New research shows the link between GCSE attainment and earnings over a person’s lifetime.
Those who perform just one GCSE grade better than their counterparts across nine subjects have been shown to earn on average over £200,000 more throughout their lives.
Statisticians and economists at the Department for Education have established a direct link between GCSE attainment and an increase in lifetime earnings after tracking the earnings of more than two million people in England.
School Standards Minister Nick Gibb said:
We are taught from a young age to do well at school to better our life chances, and today we see tangible, robust evidence to support this.
GCSEs equip young people with the knowledge and skills they need to succeed and this data shows how small improvements to grades can have a huge overall impact on people’s lives.
The Department for Education claims to have reformed and strengthened GCSEs from 2011 to make sure the qualifications better prepare young people for the demands of the workplace and higher study.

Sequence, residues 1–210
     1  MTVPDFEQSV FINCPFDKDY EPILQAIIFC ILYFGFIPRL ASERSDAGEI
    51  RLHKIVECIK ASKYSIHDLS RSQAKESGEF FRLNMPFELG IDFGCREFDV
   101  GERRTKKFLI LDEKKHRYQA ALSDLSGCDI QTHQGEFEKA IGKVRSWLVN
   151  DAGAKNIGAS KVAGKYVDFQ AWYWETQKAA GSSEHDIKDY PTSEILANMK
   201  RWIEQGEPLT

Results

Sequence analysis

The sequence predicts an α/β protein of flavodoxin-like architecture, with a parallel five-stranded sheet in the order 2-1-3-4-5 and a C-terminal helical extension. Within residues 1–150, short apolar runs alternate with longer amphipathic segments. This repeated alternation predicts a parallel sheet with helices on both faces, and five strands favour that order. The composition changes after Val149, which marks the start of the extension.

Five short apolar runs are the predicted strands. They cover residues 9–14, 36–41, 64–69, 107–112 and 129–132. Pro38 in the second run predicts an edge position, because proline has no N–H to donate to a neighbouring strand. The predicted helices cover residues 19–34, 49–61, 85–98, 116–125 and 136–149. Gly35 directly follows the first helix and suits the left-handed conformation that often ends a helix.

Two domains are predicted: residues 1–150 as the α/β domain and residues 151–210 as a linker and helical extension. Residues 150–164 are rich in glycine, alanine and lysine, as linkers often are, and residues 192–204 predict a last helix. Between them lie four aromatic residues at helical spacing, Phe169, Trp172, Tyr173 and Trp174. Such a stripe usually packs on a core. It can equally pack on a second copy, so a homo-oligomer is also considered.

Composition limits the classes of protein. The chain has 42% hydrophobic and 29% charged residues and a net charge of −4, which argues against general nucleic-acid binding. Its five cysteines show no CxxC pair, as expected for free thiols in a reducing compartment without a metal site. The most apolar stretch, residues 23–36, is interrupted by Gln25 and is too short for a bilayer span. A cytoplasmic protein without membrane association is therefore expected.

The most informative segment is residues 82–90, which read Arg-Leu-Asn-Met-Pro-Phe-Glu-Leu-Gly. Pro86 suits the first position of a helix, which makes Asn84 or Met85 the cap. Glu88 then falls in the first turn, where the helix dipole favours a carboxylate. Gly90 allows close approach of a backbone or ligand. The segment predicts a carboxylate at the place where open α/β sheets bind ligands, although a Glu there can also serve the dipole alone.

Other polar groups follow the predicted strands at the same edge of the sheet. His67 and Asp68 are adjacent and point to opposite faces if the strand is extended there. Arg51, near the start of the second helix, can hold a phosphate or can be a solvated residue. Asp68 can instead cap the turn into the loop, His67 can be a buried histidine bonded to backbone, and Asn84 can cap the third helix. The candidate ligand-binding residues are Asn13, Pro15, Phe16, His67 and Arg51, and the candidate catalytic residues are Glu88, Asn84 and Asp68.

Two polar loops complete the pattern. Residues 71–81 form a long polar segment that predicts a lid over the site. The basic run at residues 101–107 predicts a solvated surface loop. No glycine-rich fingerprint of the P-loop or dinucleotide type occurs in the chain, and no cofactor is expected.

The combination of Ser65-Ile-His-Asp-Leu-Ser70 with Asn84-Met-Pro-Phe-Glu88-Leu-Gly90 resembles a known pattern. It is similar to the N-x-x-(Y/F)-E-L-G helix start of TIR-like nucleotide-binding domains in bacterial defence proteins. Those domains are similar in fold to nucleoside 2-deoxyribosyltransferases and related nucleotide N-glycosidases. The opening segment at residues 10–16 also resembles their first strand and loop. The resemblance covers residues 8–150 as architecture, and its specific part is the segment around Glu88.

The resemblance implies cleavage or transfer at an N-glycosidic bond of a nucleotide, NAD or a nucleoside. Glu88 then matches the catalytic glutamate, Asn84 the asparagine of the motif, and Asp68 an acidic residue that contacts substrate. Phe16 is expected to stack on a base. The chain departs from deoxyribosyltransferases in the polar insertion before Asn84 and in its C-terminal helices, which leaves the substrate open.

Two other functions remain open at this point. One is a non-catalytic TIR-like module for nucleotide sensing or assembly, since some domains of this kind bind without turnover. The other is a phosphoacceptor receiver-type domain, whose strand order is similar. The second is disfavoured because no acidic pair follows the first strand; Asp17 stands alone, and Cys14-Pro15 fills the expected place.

The reformed GCSEs encourage a deeper understanding of the curriculum material and facilitate greater preparation for further study, with all assessments normally taken at the end of the course, rather throughout via coursework.
The research looked at people in England who sat their GCSE exams between 2002 and 2005 alongside earnings records and found that those who achieved just one grade higher than their counterparts in one subject saw an increase in their lifetime earnings by an average of £23,000.
Those who secured one grade higher than their counterparts across nine subjects are likely to earn on average £207,000 more in their lifetime. The research, which took 18 months to develop, will be pivotal in creating new policies going forward. For example, when a new policy is developed to help pupils achieve better GCSE grades, this data will be used to create a quantitative, monetary value to evidence how a policy can affect earnings outcomes.
As we build back better from the pandemic, the Government has committed to a long-term education recovery plan, including an investment to date of over £3bn and a significant expansion of tutoring, which will include supporting pupils completing GCSEs, to help children and young people make up for learning lost during the pandemic.